33. Schweinle, A., & Helming, L. M. (2011). Social psychology of education. Social Psychology of Education, 14(4), 529–546.CrossRefGoogle Scholar
  34. Seligman, M. E. P., Ernst, R. M., Gillham, J., Reivich, K., & Linkins, M. (2009). Positive education: Positive psychology and classroom interventions. Oxford review of education, 35(3), 293–311. doi:  10.1080/03054980902934563.Google Scholar
  35. Shernoff, D. J., Csikszentmihalyi, M., Schneider, B., & Shernoff, E. S. (2003). Student engagement in high school classrooms from the perspective of flow theory. School Psychology Quarterly, 18(2), 158–176.CrossRefGoogle Scholar
  36. Shernoff, D. J., & Vandell, D. L. (2007). Engagement in after-school program activities: Quality of experience from the perspective of participants. Journal of Youth and Adolescence, 36, 891–903.CrossRefGoogle Scholar
  37. Sims, P. (2011, April 5). The Montessori Mafia. The Wall Street Journal. http://blogs.wsj.com/ideas-market/2011/04/05/the-montessori-mafia/. Accessed 12 Apr 2013.
  38. Sizer, T. R. (1984). Horace’s compromise: The dilemma of the American high school. Boston: Houghton Mifflin.Google Scholar
  39. Smith, C., & Avika, T. (2008). Quality accountability: Improving fidelity of broad developmentally focused interventions. In M. Shinn & H. Yoshikawa (Eds.), Toward positive youth development: Transforming schools and community programs (pp. 192–212). Oxford, UK: Oxford University Press.CrossRefGoogle Scholar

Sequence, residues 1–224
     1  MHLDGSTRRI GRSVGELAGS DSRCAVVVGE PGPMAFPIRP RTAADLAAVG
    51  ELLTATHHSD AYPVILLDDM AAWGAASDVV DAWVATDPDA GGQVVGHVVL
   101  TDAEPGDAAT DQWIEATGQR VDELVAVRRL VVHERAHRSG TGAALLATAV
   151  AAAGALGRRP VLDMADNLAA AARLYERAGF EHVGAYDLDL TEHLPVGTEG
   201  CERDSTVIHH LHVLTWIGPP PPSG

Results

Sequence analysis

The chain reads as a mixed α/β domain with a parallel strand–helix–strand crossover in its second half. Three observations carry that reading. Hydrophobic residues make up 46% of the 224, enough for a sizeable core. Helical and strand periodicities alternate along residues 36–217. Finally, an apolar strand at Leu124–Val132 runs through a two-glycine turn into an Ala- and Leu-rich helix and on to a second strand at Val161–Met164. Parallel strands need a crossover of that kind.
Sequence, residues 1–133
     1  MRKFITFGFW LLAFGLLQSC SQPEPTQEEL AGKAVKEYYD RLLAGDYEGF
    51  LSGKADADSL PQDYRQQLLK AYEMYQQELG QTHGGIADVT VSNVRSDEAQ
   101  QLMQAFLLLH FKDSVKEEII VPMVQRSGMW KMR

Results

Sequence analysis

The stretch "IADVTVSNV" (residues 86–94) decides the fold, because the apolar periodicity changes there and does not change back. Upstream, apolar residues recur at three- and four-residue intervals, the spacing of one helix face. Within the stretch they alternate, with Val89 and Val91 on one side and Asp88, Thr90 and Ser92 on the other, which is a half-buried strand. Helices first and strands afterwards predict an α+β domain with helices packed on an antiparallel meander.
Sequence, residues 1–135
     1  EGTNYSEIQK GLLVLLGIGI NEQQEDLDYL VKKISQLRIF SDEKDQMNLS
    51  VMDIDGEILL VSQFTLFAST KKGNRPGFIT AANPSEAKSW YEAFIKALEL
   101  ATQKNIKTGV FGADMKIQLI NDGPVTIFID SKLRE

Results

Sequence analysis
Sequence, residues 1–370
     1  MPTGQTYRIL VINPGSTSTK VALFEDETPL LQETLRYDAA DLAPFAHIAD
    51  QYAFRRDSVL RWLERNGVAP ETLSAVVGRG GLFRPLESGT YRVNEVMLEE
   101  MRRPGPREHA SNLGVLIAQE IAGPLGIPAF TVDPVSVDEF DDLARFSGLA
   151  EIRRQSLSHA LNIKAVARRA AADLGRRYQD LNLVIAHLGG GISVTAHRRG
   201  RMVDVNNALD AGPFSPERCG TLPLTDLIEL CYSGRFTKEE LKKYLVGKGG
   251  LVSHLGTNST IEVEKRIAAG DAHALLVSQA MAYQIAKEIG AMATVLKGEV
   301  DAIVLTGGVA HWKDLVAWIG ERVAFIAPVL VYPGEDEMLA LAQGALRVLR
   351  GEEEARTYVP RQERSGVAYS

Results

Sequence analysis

40. Steinberg, L. (1996). Beyond the classroom: Why school reform has failed and what parents need to do. New York: Simon & Schuster.Google Scholar
  41. Traphagen, K., & Johnson-Staub, C. (2010). Expanded time, enriching experiences: Expanded learning time schools and community organization partnerships. Washington, DC: Center for American Progress.Google Scholar
  42. Walker, J., Marczak, M., Blyth, D., & Borden, L. (2005). Designing youth development programs: Toward a theory of developmental intentionality. In J. L. Mahoney, R. W. Larson, & J. S. Eccles (Eds.), Organized activities as contexts of development: Extracurricular activities, after-school and community programs (pp. 399–418). Mahwah: Lawrence Erlbaum.Google Scholar
  43. Willms, J. D. (2003). Student engagement at school: A sense of belonging and participation: Results from PISA 2000. In J. D. Wilms (Ed.), Paris: Organisation for Economic Co-operation and Development.Google Scholar
  44. Yonezawa, S., Jones, M., & Joselowsky, F. (2009). Youth engagement in high schools: Developing a multidimensional, critical approach to improving engagement for all students. New York: Academy for Educational Development and UCSD-CREATE.Google Scholar

Copyright information

© Springer Science+Business Media New York 2013

Authors and Affiliations

  • David J. Shernoff
    • 1
  1. 1.Department of Leadership, Educational Psychology and Foundations College of EducationNorthern Illinois UniversityDeKalbUSA

Personalised recommendations